Looks like they don't have a page a DistroWatch yet. However, BlueStar was mentioned at DW back in 2013 (see "New distributions" at http://distrowatch.c...?issue=20130506).

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Most all of the derivatives all use a graphical frontends for pacman. Pacman is one of the greatest tools available for archlinux and missing that part is like missing one of the major aspects of using arch.

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Most all of the derivatives all use a graphical frontends for pacman.

 

Not all, though. Bridge Linux, ArchBang, I don't recall those two having one, at least not when I was running those distros.

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Well using a graphical frontend for pacman will not help you at all as you will miss all the wonderful output with instructions.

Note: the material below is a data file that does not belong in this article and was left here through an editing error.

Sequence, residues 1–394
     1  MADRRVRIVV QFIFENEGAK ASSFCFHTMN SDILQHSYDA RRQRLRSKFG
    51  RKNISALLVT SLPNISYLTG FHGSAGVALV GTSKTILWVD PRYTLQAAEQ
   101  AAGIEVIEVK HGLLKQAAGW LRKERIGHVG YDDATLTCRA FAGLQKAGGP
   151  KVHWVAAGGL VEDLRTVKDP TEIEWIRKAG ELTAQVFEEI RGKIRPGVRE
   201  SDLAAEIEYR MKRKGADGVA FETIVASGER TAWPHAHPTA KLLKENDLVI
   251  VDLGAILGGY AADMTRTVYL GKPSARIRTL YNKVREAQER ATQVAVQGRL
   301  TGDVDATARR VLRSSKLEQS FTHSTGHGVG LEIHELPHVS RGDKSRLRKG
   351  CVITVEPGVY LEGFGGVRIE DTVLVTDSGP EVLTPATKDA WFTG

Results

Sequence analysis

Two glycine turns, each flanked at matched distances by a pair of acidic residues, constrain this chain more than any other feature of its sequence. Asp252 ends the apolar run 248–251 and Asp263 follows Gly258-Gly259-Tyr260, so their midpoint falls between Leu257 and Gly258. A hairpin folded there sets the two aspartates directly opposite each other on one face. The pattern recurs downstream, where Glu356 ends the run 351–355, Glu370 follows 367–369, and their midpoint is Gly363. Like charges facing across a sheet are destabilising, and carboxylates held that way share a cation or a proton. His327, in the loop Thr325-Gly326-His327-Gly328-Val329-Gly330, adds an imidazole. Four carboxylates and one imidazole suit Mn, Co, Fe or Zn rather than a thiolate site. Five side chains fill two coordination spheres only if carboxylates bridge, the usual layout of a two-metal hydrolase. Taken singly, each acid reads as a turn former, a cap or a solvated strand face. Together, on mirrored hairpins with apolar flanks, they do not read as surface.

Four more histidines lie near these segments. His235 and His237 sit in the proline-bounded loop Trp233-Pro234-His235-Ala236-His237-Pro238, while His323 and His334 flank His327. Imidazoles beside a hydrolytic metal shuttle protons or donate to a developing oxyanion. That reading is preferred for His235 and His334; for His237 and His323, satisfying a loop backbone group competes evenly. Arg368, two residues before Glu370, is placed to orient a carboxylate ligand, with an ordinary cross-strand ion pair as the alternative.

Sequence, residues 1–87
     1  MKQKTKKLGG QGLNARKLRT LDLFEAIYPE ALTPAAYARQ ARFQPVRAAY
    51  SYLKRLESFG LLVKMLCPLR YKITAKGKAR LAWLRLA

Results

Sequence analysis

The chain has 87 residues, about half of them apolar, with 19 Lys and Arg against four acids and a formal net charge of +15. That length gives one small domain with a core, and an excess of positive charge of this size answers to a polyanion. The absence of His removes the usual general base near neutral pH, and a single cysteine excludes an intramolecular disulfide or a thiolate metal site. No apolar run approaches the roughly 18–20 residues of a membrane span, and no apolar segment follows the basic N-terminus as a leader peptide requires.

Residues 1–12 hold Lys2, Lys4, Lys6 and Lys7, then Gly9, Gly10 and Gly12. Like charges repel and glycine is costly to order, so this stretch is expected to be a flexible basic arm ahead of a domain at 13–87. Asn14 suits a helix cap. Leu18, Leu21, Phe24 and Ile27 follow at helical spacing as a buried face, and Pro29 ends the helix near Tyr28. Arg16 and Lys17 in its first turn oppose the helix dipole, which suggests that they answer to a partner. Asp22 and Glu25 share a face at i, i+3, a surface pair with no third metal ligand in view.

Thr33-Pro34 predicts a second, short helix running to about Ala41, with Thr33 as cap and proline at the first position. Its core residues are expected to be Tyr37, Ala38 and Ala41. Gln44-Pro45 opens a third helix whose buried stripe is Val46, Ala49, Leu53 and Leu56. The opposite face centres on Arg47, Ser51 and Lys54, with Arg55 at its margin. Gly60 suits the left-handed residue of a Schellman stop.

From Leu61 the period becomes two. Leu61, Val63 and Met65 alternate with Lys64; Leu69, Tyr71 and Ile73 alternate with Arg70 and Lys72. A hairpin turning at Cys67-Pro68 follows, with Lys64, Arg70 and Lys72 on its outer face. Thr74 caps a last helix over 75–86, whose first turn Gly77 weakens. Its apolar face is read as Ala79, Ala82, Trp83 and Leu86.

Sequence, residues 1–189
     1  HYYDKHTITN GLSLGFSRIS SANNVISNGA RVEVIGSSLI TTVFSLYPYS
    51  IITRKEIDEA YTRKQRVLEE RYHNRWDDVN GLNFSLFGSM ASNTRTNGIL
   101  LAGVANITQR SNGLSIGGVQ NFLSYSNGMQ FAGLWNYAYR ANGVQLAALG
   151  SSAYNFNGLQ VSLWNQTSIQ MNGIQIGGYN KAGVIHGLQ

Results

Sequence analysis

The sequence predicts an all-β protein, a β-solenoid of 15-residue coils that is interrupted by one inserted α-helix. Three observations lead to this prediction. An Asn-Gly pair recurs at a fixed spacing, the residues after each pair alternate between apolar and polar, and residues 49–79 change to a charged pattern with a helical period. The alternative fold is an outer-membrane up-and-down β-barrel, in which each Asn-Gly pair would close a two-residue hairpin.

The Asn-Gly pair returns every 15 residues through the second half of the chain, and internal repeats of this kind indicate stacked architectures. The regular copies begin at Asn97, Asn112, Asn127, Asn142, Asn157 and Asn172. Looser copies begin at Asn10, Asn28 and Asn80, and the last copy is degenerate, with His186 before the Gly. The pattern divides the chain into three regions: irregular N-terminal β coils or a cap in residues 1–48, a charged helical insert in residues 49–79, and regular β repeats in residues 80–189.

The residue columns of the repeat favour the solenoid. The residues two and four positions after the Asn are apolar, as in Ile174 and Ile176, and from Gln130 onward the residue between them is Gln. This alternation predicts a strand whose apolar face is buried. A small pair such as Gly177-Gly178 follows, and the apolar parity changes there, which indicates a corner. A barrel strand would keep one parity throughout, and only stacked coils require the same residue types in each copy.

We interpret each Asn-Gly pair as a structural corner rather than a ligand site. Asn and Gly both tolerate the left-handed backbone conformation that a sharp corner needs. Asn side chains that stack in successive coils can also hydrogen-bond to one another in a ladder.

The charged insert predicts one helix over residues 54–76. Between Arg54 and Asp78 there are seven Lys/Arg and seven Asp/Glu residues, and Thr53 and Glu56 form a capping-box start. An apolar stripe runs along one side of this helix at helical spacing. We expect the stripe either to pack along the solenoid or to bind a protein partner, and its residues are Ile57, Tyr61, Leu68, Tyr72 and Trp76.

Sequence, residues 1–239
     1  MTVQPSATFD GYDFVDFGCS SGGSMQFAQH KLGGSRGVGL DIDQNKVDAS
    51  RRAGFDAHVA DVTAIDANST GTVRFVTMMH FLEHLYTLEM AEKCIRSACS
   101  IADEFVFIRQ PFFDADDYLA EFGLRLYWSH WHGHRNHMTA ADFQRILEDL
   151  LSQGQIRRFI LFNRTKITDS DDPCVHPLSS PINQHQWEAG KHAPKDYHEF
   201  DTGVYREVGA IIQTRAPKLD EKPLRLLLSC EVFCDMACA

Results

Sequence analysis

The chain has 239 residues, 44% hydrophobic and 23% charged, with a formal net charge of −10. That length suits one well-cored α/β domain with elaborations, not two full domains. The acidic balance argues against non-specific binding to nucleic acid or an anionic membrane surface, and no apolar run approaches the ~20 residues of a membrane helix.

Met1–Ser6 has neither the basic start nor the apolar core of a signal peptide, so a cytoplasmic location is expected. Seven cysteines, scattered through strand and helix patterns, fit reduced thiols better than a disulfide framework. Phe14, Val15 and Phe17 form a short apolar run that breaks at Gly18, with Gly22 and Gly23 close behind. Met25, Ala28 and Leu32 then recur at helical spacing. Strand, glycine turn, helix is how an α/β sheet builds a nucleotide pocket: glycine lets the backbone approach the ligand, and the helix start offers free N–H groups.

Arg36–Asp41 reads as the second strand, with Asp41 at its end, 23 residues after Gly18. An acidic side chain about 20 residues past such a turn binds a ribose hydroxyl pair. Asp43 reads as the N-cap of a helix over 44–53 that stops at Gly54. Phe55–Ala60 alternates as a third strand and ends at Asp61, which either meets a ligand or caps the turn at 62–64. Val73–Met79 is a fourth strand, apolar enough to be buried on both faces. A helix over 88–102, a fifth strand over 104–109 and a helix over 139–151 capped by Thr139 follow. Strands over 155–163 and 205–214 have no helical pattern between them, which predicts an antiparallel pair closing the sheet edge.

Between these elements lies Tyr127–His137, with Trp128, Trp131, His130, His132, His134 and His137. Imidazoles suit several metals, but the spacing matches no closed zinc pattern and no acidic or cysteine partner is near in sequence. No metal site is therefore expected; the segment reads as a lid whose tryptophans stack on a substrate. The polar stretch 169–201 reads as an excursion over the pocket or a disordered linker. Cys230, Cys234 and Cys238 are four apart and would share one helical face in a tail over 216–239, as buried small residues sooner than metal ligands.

I am not for sure what you mean by "layout of the file system" as all distros use pretty much the same exact file system layout. Your systemwide configs are always in /etc/, logs are always in /var, etc.

 

The part about the wiki may or may not help them out as BlueStar could of changed the defaults and pacman commands wouldn't make sense if you only uses the graphical package manager.

 

Why are you banging on about graphical frontends for pacman ? BS does use command line pacman as well as GUI frontends.

 

http://bluestarlinux.sourceforge.net/index.php?action=articles;sa=view;article=36

 

You may find that Apper won't find all the packages you need up front. So, first, using pacman, attempt to perform a full system upgrade:

 

pacman -Syyu

 

 

 

Well using a graphical frontend for pacman will not help you at all

 

Not true as you will learn that there is a thing called pacman. As I have not used BS I can not say what other information about pacman is given with their GUI for pacman. I would assume that as a BS user you would be exposed to some more pacman information as par for the course.

 

 

"layout of the file system" as all distros use pretty much the same exact file system layout.